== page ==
Scientists should acknowledge the difference between what is proven and what is merely a hypothesis. One is not attacking or denigrating science to point out its hubristic extensions unsupported by any evidence or methodology that could be described as scientific. Creationists cannot deny the fact of evolution—the development over extended periods of time of new forms of life and the survival of those forms that are the fittest. These aspects of the theory of evolution are adequately confirmed by facts and must be accepted as facts by rational observers. Those who insist that human beings were originally created in their present form are as irrational as those who believe the world is flat. But those who believe that an intelligence or some formative principle has guided the development of new forms of life have a right so to believe. At the same time scientists have the right to believe that random mutation alone accounts for the arrival of new forms of life. Each has the right to that credo or faith that best supports their view of the nature of things. At the same time, however, each should recognize that faith, not facts, supports their positions, for there is no scientific evidence or proof for either intelligent design or random mutation as a factual explanation of the arrival of the fittest. On my view, scientists and laymen should prefer to leave the issue as the mystery it is rather than commit to an answer for which scientific evidence is lacking. If scientists do not claim to know anything as factual unless it is supported by empirical evidence, they will, as Kant observed in his Critique of Pure Reason, leave room for faith. I recall as a child the sermons I heard in which ministers railed against evolution. I asked then, as I ask today, what are the theologians complaining about? Presumably God can use evolution as a method of Creation if He so desires. I couldn’t understand the conflict between science and religion then, and I can’t understand it now, except when literal fundamentalists interpret the Bible as a scientific book and treat the account of creation in Genesis as a factual scientific account. Or except when scientists dogmatically assert as factual explanations for the arrival of the fittest which lack objective scientific evidence and are nothing more than an assertion of their working hypotheses. The public places mistaken emphasis on the bane of political correctness in universities. Most examples of political correctness, however stupid and irritating, are relatively harmless. But the constant drumbeat and march of scientism—that assertion by scientists of dogmas unsupported by objective scientific procedures—has been an unrelenting assault on the dignity of the human spirit. In the intellectual climate of the present we are left with diminished human beings the facts of whose experience are denied by reductionistic scientism. Those who challenge the reductionistic doctrines of scientism have been subjected to verbal abuse and contempt by scientists that equal in intensity the denunciation from pulpits of those who question the literal interpretation of Scripture. Those scientists approach in hubris and ignorance pastors who rely on the literal interpretation of the Bible without knowing that the canon was not handed down in English at Sinai, but was determined by the fathers of the Catholic Church. With regard to the literalists and the reductionists, I would say, a plague on both houses. The literalists have no standing in universities. But what standing, we must ask, have the reductionists who claim the authority of science in areas of inquiry beyond scientific evidence or proof?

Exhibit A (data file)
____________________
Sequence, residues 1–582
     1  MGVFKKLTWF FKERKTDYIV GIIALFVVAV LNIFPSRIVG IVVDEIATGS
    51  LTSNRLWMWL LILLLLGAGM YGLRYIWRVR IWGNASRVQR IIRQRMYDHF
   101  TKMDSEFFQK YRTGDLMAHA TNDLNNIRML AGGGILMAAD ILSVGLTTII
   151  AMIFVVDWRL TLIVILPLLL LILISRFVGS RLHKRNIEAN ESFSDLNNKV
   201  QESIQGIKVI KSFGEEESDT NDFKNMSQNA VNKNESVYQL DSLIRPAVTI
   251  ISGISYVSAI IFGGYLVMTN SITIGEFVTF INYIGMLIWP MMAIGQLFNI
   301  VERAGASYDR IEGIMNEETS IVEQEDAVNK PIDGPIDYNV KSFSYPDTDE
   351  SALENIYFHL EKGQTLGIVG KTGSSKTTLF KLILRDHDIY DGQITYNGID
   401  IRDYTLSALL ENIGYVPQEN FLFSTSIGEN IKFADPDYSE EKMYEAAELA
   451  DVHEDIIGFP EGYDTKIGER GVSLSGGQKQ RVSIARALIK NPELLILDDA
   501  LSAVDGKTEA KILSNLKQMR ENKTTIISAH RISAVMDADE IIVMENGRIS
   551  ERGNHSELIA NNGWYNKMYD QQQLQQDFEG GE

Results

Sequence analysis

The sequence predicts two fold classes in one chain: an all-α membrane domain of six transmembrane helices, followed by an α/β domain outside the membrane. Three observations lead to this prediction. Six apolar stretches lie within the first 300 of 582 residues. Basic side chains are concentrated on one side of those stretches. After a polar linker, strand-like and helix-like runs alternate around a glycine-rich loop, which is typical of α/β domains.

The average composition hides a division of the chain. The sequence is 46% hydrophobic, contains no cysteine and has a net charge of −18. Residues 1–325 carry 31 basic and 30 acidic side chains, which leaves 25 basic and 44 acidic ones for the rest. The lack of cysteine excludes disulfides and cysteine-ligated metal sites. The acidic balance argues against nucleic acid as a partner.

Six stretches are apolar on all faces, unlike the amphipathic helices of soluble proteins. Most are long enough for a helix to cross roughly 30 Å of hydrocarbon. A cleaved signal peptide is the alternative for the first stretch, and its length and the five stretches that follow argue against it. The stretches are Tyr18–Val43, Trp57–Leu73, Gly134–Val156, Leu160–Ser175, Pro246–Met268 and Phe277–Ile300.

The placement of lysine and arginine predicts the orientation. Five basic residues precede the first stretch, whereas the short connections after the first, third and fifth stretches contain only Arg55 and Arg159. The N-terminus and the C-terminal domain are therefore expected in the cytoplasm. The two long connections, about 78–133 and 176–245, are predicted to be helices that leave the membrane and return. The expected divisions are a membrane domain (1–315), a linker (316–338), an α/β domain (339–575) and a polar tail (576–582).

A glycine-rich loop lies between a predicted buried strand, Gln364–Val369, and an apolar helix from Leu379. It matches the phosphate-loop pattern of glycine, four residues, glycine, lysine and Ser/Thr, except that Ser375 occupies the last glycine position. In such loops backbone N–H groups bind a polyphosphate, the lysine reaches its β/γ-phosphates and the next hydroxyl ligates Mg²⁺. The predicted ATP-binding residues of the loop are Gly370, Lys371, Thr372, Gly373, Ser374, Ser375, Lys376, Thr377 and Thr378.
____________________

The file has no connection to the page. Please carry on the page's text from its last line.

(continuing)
Thursday, November 03, 2005
Facts and fancy on the campus
This sounds like something I might have written. Let's have a cheer for John Silber, who is a philosopher and the President Emeritus of Boston University. I don't mind that kind of company!